Simulating how polymers arrange dissolved ions Featured

    MPC-CMSE Summer Scholar Kirill Shmilovich conducts computational studies to model how polymers alter the shapes that dissolved ions can form.

    When we imagine crystals, often the first things that come to mind are rock hard matter like diamonds and gemstone quality minerals. But there is another group of materials that are classified as crystals because of their similarly shaped repeating structures at the molecular level that form teeth, bones and other natural living structures. It is in this realm that Alfredo Alexander-Katz, associate professor of materials science and engineering, analyzes how adding polymers affects the way these crystals arrange themselves in solution.

    2017 MPC-CMSE Summer Scholar Kirill Shmilovich uses computer-based computational studies to model how these dissolved ions form crystal structures under the influence of large, squishy polymers, which are positively or negatively charged, and to identify which of these polymers can help to make synthetic versions of desirable natural formations that are difficult to copy.

    “My project focuses on understanding how polymers can help in the clustering of different ionic structures and comparing how ionic structures form passively in water versus how these ionic structures form when polymers are introduced into the system,” Kirill Shmilovich, a rising senior at the University of Wisconsin at Milwaukee, explains. The physics and mathematics major says ions form various crystals with differing shapes, called polymorphs, based on their environment. He is using molecular dynamic simulations, which simulate the atoms within a system, to understand the mechanisms at play when polymers alter the formation of these ionic structures. He also is examining how polymers influence clustering through positive and negative charges between the polymers and the ions.

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    MPC-CMSE Summer Scholar Kirill Shmilovich conducts computational studies to model how polymers alter the shapes that dissolved ions can form, working in the lab of Alfredo Alexander-Katz, associate professor of materials science and engineering at MIT. Photo, Denis Paiste, Materials Processing Center.

    Shmilovich’s summer research is guided by Shayna Hilburg, a graduate student in the Program in Polymers and Soft Matter. “She has helped me understand how the particular software used in this laboratory can help model atoms and molecules on the atomistic scale,” he says. Shmilovich’s simulations have used Alexander-Katz’s computer clusters at MIT as well as a Department of Energy facility. “At my home institution I worked on much more coarse grained and larger scale systems for longer time periods, and here I'm learning much more on the atomistic approach and how things are done in very short time periods,” Shmilovich says.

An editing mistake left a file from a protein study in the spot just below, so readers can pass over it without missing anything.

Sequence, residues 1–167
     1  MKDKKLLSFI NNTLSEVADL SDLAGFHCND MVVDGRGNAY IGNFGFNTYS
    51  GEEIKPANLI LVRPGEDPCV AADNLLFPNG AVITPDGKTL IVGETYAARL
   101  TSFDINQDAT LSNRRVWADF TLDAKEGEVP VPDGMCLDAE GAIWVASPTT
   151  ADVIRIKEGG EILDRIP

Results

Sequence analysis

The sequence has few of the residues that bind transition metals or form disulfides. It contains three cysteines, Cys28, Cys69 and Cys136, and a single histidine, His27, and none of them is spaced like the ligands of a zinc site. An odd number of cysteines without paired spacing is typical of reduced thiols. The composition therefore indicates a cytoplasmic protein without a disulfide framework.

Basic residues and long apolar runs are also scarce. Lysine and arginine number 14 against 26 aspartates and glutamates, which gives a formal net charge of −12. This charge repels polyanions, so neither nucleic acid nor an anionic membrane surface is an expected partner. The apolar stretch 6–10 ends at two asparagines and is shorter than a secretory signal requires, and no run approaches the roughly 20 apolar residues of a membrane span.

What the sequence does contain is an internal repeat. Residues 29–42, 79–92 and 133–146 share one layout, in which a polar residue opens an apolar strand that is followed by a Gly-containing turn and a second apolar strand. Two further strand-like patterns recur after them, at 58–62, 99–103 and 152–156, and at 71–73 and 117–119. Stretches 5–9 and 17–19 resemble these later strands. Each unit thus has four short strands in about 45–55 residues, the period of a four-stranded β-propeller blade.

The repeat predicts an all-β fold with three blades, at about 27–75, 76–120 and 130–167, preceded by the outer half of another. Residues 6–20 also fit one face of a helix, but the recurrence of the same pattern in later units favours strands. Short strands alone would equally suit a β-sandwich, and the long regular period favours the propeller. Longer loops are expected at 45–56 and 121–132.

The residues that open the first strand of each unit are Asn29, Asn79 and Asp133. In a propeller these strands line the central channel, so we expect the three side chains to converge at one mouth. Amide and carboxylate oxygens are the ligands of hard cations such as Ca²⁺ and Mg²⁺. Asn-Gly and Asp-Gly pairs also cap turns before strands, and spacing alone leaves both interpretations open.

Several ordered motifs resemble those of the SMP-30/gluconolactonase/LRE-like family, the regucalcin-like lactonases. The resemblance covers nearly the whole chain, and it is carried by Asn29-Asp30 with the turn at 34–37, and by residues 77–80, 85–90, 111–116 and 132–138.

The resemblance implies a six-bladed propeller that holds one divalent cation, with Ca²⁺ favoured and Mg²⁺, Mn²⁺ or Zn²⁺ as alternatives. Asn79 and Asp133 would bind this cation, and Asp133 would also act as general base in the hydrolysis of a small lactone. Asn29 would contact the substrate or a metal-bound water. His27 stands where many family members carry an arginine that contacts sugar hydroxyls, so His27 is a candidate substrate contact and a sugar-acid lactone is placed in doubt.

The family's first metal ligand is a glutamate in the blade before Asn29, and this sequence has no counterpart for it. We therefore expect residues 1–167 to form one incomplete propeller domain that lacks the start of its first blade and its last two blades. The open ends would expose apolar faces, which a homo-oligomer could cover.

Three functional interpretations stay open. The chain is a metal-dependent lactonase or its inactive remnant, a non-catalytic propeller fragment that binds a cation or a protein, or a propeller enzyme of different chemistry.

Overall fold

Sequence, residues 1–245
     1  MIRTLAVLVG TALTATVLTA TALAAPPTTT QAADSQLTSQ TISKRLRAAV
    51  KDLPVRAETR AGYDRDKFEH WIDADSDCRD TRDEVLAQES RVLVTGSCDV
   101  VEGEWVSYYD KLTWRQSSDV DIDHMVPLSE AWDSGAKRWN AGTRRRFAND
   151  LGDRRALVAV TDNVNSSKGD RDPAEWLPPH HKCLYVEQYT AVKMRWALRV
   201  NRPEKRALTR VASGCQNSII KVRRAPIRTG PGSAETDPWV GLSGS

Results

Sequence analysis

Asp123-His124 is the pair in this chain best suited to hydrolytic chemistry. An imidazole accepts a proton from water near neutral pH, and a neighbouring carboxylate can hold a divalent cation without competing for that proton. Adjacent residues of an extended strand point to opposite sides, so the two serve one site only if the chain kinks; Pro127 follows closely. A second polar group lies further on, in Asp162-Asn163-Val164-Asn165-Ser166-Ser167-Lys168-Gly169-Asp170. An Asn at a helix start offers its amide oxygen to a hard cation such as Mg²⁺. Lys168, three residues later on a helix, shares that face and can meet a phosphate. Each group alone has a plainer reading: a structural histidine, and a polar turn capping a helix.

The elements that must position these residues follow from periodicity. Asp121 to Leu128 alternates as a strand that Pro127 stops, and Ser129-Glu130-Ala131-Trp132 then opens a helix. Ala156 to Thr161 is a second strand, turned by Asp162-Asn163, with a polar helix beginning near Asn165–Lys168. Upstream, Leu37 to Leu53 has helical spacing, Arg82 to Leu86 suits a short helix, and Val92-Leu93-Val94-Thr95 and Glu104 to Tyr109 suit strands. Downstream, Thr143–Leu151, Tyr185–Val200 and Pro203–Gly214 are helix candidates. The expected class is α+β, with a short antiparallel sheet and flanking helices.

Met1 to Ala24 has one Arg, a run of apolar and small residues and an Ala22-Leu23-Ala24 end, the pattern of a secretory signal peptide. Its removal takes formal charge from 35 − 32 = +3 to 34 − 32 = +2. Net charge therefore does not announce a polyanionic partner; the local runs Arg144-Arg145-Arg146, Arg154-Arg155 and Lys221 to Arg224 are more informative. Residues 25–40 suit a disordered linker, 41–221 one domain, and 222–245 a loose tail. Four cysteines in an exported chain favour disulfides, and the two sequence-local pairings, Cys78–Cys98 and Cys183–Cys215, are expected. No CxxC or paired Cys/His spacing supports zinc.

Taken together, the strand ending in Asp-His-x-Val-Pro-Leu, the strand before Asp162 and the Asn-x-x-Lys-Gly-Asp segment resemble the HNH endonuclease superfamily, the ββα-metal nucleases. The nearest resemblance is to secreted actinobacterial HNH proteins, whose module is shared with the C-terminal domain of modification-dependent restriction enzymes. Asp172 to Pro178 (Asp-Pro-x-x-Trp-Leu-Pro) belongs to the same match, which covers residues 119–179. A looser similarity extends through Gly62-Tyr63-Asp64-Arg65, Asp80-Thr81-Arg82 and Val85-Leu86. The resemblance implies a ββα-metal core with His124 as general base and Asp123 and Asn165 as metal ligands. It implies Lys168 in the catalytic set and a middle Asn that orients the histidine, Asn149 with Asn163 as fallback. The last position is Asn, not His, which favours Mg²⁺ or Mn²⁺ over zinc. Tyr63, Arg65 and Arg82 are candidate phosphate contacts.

Hilburg notes that “The work that Kirill is doing here of looking at the ions aggregating in solution when the polymer is present is going to help in a broader project that we have in the Alexander-Katz group where we are looking at how polymers can in general change the aggregation of ions as they assemble into crystals and they can assemble in specific orders that create different crystals for different structures.”

    “We're going to use this information that Kirill makes and that data will be directly applicable to the next steps in the project, specifically crystals that are relevant for biomineralization, the formation of teeth or bones or shells,” Hilburg continues. “This is relevant as well for pharmaceutical companies who do the crystallization of drugs, so that they can form pills out of the drugs that they create, and a lot of different techniques that use organic molecules in the presence of ions to kinetically change what shapes the crystals make.”

    While working in Alexander-Katz’s Laboratory for Theoretical Soft Materials, Shmilovich explains, “What we're doing here is we have polyacrylic acid, a negatively charged polymer, in a system with water and counter ions to neutralize the charges in the system. Here we're letting the system relax into a steady state, after which, we will add additional calcium and carbonate ions, where we can then see how the polymer helps clustering of these calcium and carbonate ions into different crystalline structures.” Calcium carbonate is the active ingredient in several commonly used antacids for upset stomach.

    “In this research experience, I gained a valuable opportunity to work with people outside of my home institution and learn new techniques and practices that I would previously not have known, and how these different techniques and practices can be applied to fields outside my own,” Shmilovich says.

    Shmilovich’s internship is supported in part by NSF’s Materials Research Science and Engineering Centers program [grant DMR-14-19807]. Participants in the Research Experience for Undergraduates, co-sponsored by the Materials Processing Center and the Center for Materials Science and Engineering, presented their results at a poster session during the last week of the program. The program ran from June 15, 2017, to August 5, 2017, on the MIT campus in Cambridge, Mass.

    Denis Paiste, Materials Processing Center
    August 28, 2017

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    Summer Scholar Kirill Shmilovich Trio Poster 9208 DP Web
    MIT bioengineering graduate students [from left] Julie Takagi, Caroline Werlang and Jacob Witten, listen to MPC-CMSE Summer Scholar Kirill Shmilovich discuss his project modeling how polymers alter the possible shapes that dissolved ions form. Photo, Denis Paiste, Materials Processing Center.